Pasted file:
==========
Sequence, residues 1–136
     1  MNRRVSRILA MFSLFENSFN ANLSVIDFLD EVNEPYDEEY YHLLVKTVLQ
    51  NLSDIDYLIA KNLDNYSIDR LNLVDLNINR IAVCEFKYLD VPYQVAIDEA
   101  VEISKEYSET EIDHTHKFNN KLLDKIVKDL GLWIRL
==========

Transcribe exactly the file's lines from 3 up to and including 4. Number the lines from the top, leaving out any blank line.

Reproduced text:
    51  NLSDIDYLIA KNLDNYSIDR LNLVDLNINR IAVCEFKYLD VPYQVAIDEA
   101  VEISKEYSET EIDHTHKFNN KLLDKIVKDL GLWIRL